SS General von Steuben

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SS General von Steuben
Name: 1923: München
1930: SS General von Steuben (later simply Steuben)
Namesake: Friedrich Wilhelm von Steuben
Owner: Norddeutscher Lloyd
Builder: AG Vulcan, Stettin, Germany
Launched: 1922
Maiden voyage: 23 June, 1923
Renamed: 1930
Fate: Sunk 10 February 1945
General characteristics
Type: Passenger ship
Tonnage: 14,660 Gross Register Tons
Propulsion: Steam reciprocating, exhaust turbine, twin propellers
Speed: 16 knots
Capacity: 793 (214 cabin class, 358 tourist class, 221 third class)

The steam ship (SS) General von Steuben (formerly named the München, but renamed in 1930 as the General von Steuben, after the famous German officer of the American Revolutionary War) was a German luxury passenger ship.

The name was shortened to Steuben in 1938. She was commissioned in 1939 as a Kriegsmarine accommodation ship. In 1944, she was pressed into service as an armed transport ship, taking German troops to Eastern Baltic ports, and returning to Kiel with wounded. She was sunk in 1945 by a Soviet Submarine, S-13; and at least three thousand people perished.

Prologue: Operation Hannibal

Along with the Wilhelm Gustloff and many other vessels, she was part of the largest evacuation by sea in modern times. This evacuation surpassed the British retreat at Dunkirk, both with regard to the size of the operation and the number of people evacuated. Yet it, like the sinking of the Gustloff, is one of the least-known major operations of World War II.

By early January 1945, Großadmiral Karl Dönitz realized that Germany was soon to be defeated and, wishing to save his submariners, had radioed a coded message on 23 January 1945 to the Baltic Sea port Gotenhafen (Polish city and port Gdynia under German occupation) to flee to the West - Code name: Operation Hannibal.

Submariners were then schooled and housed in ships lying in the Baltic ports, with the bulk of them at Gotenhafen. Among them were the Deutschland, the Hamburg, the Hansa, and the Wilhelm Gustloff.

This justified the rationale behind Dönitz's decision to mount Operation Hannibal. Notwithstanding the losses suffered during the operation, the fact remains that over two million people were evacuated in front of the Soviet Army's advance into East Prussia and Danzig (now Gdańsk, Poland).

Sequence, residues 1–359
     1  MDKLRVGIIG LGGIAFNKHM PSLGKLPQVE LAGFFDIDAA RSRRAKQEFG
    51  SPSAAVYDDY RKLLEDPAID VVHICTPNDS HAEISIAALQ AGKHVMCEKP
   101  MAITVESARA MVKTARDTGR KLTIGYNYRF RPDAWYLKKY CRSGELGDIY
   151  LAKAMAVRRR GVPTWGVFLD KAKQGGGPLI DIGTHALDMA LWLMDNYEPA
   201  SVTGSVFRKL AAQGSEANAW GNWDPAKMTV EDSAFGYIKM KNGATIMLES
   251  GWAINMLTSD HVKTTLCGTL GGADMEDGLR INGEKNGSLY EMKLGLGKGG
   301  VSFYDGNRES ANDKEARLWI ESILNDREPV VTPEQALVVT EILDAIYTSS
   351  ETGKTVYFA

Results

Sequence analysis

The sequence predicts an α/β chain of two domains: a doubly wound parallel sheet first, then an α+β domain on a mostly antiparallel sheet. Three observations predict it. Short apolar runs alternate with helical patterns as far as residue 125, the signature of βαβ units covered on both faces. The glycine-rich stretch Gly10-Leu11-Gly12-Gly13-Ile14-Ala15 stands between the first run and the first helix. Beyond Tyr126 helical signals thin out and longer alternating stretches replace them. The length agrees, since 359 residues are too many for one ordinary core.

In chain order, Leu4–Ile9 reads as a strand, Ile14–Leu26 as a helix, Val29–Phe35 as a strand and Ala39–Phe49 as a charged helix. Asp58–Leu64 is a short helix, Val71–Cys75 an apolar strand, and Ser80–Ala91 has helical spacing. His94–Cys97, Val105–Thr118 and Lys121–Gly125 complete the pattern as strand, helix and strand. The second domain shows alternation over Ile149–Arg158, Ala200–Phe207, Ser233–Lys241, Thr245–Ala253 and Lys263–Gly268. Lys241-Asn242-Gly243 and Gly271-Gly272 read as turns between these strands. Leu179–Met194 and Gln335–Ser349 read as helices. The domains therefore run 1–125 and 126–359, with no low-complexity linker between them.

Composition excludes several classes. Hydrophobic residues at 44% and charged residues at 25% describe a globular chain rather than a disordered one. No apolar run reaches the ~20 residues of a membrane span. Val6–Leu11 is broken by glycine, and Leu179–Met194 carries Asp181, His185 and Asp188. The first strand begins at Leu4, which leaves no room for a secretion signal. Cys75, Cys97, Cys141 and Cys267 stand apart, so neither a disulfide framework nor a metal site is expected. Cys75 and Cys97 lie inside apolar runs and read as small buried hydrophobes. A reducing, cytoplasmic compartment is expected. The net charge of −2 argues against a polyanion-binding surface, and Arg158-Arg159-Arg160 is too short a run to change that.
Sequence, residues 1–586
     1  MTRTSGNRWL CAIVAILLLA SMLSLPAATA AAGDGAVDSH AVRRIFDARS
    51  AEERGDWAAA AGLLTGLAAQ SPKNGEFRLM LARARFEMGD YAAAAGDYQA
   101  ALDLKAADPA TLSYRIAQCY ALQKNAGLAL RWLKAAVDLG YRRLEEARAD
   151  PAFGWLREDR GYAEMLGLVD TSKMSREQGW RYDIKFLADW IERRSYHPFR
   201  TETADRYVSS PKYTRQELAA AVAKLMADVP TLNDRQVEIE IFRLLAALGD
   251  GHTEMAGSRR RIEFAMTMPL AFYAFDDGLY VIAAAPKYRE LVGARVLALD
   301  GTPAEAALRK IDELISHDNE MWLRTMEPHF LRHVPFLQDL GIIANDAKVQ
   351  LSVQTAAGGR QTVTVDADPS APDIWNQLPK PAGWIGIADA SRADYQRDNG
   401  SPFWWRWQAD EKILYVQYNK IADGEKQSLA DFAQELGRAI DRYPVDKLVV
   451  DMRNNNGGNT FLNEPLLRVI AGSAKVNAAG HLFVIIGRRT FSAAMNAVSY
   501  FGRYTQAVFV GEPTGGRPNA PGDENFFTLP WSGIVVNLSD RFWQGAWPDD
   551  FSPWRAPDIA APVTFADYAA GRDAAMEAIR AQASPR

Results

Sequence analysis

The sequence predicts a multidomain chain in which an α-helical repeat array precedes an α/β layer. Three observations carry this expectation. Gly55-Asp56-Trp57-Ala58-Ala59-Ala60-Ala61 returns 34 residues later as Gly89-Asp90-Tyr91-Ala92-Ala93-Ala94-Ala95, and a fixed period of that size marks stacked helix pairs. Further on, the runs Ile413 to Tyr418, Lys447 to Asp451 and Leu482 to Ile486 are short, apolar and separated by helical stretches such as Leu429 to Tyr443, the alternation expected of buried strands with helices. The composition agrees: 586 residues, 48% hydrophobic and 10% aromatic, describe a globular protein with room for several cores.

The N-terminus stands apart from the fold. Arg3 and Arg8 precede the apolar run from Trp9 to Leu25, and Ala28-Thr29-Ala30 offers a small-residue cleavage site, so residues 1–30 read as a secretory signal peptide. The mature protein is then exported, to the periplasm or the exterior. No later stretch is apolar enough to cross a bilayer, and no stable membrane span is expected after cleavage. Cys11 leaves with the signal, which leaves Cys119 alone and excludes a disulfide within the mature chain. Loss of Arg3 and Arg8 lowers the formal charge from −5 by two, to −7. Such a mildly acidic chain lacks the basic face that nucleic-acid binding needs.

Prelude to tragedy

In the winter of 1945, East Prussian refugees headed west, away from the city of Königsberg, and ahead of the Soviet Army's advance into the Baltic states and East Prussia. These exiles and thousands like them fled to the Baltic seaport at Pillau (now Baltiysk, Russia), hoping to board ships that would carry them to the relative safety of western Germany. The Steuben was one such vessel, a luxury liner drafted into service for the Third Reich.

The sinking of the Steuben

File:General von Steuben wreck.jpg
The wreck of SS General von Steuben

The 14,660-ton liner set sail from Pillau in the bay of Danzig on 9 February 1945, her destination being Swinemünde (now Świnoujście, Poland). On board were 2,800 wounded German soldiers; 800 refugees; 100 returning soldiers; 270 navy medical personnel including doctors, nurses and auxiliaries; 12 nurses from Pillau; 64 crew for the ship's anti-aircraft guns, 61 naval personnel, radio operators, signal men, machine operators, and administrators, and 160 merchant navy crewmen, a total of 4,267 people.[1] Just after midnight, two torpedoes from the Soviet submarine S-13 hit the Steuben. According to survivors, she sank within about 20 minutes.

Three thousand to four thousand people died in the sinking of the Steuben. About 300 survivors were saved by torpedo boat T-196 and brought to Kolberg (now Kołobrzeg, Poland).

The wreck was found and identified in May 2004 by Polish Navy hydrographical vessel ORP Arctowski. Pictures and graphics appear in a 2005 article in National Geographic.[2]

See also

Wikimedia Commons has media related to:
[[Commons: Category:Steuben (ship)

| SS General von Steuben



  1. Koburger, Charles W., Steel Ships, Iron Crosses, and Refugees, Praeger Publishers, NY, 1989, p.7. Koburger also notes that other equally reliable sources put the total embarked at 3300.
  2. Marcin Jamkowski [author] & Christoph Gerigk [photographer], (2005, February), Ghost ship found, National Geographic 207(2), 32-51. See note in the "References" section.


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